What Is Keratosis Pilaris?
Keratosis pilaris is a common skin condition in which tiny bumps develop on the skin. The bumps are harmless plugs of dead skin cells and tend to appear on the upper arms, front of the thighs, and cheeks. Keratosis pilaris is frequently seen along with atopic dermatitis and ichthyosis vulgaris.
What Are Symptoms and Signs of Keratosis Pilaris?
The following are signs and symptoms of keratosis pilaris:
- Tiny, rough-feeling bumps on the skin.
- May look like goosebumps or a plucked chicken
- May resemble small pimples
- May be grouped or scattered
- Usually occur in children and adolescents, and sometimes infants
- Tend to appear on the upper arms, front of the thighs, and cheeks
- May sometimes occur on the face, trunk, buttocks, and lower legs or forearms
- May clear during the summer and recur in winter
- May appear in different colors, including the same color as the patient’s skin, as well as white, red, pinkish purple (on fair skin), and brownish black (on dark skin)
- Usually improve with age but may persist into adulthood
- May worsen during pregnancy
- Skin redness
- Often associated with other skin conditions, such as atopic dermatitis or ichthyosis vulgaris
What Causes Keratosis Pilaris?
Keratosis pilaris is caused by a buildup of keratin that forms a plug blocking the opening of hair follicles, but the cause is not fully understood. Keratosis pilaris has been associated with mutations of filaggrin, a protein that binds to keratin. It may be genetic. It is not contagious.
The following are risk factors for developing keratosis pilaris:
- A family history of the condition
- Dry skin
- Eczema (atopic dermatitis)
- Being overweight or obese
- Hay fever
- Ichthyosis vulgaris (a skin condition that causes very dry skin)
- Having melanoma and taking vemurafenib (Zelboraf), a targeted therapy used to treat melanoma that has spread
How Do Doctors Diagnose Keratosis Pilaris?
Keratosis pilaris is diagnosed with a physical examination of the bumps on the skin.
Biopsy is usually not necessary but may be performed to confirm a diagnosis and rule out other conditions.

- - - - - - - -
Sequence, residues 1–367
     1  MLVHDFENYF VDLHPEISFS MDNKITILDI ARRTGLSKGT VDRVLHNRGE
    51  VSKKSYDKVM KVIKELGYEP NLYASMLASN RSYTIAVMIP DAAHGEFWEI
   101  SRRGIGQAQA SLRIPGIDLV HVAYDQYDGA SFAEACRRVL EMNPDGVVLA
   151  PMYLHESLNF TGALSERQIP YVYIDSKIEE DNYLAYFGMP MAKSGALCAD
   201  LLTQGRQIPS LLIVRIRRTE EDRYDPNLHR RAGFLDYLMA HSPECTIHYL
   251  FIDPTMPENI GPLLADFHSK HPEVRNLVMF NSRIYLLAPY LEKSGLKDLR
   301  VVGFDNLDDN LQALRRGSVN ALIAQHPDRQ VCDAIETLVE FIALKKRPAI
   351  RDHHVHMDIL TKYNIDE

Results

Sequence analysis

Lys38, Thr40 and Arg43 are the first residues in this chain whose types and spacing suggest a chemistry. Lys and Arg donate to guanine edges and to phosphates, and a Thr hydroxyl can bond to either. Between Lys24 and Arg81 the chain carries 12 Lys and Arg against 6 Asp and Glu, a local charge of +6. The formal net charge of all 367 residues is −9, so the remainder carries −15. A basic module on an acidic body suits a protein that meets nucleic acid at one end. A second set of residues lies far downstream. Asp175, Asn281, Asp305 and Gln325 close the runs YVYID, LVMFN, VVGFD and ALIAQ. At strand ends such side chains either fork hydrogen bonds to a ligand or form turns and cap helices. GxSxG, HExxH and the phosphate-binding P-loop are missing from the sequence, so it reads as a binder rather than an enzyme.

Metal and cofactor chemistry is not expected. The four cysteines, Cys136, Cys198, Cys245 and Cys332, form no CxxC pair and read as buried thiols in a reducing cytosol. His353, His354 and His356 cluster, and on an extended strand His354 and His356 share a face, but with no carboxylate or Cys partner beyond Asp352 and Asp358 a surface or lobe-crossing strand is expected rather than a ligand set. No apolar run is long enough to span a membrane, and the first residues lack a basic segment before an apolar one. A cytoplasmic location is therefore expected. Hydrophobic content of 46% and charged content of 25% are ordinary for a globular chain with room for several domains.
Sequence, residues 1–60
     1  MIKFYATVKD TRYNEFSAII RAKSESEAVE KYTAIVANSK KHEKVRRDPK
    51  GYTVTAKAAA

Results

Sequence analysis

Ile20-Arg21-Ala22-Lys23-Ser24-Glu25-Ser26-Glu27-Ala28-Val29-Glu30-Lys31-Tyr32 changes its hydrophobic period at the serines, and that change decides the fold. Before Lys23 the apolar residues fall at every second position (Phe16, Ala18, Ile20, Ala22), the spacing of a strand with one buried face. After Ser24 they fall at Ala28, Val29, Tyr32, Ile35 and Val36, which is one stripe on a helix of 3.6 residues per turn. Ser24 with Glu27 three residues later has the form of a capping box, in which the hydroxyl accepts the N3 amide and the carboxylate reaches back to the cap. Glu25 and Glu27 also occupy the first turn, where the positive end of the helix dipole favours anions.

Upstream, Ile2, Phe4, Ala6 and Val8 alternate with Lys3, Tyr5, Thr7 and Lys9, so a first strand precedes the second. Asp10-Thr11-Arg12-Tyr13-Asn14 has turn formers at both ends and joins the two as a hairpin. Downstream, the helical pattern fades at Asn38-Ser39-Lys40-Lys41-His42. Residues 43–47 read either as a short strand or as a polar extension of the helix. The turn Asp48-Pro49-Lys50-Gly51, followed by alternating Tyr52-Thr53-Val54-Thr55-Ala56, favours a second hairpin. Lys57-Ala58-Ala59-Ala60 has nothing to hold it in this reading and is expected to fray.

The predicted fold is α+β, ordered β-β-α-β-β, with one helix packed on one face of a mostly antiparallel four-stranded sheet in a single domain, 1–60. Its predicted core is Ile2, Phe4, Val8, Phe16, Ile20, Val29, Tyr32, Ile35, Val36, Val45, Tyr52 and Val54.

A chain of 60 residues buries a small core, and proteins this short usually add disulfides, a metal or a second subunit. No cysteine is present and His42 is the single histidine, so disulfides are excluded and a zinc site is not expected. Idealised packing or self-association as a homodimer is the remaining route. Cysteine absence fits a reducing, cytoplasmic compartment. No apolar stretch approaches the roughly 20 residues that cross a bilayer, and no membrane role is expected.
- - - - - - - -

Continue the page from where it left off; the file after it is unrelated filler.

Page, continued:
What Is the Treatment for Keratosis Pilaris?
Keratosis pilaris may improve on its own without treatment. It is also considered a harmless condition that does not require treatment.
However, many patients have cosmetic concerns and request treatment to reduce skin roughness and redness.
Treatments for keratosis pilaris that may help relieve skin roughness, redness, and dryness on the face and body include:
- Using mild soaps or soap-free cleansers and avoiding hot baths or showers
- Gentle removal of dead skin with a loofah or at-home microdermabrasion kit
- Moisturizing creams that contain urea or lactic acid to relieve itch or dryness
- Medications to remove dead skin cells and diminish the appearance of the bumps
- Alpha hydroxyl acid
- Glycolic acid
- Lactic acid
- Retinoids (adapalene, retinol, tazarotene, tretinoin)
- Salicylic acid
Laser or light treatment may be used to treat keratosis pilaris to reduce the swelling and redness or to improve the skin’s texture and reduce discoloration
It can take time for the skin to clear, and treatments do not cure the condition. It is important for patients to continue to maintain a skin care regimen to continue to see results.
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"Keratosis Pilaris: Overview." American Academy of Dermatology Association. <https://www.aad.org/public/diseases/a-z/keratosis-pilaris-overview>.
Landis, Megan N. "Keratosis Pilaris." UpToDate.com. May 9, 2022. <https://www.uptodate.com/contents/keratosis-pilaris>.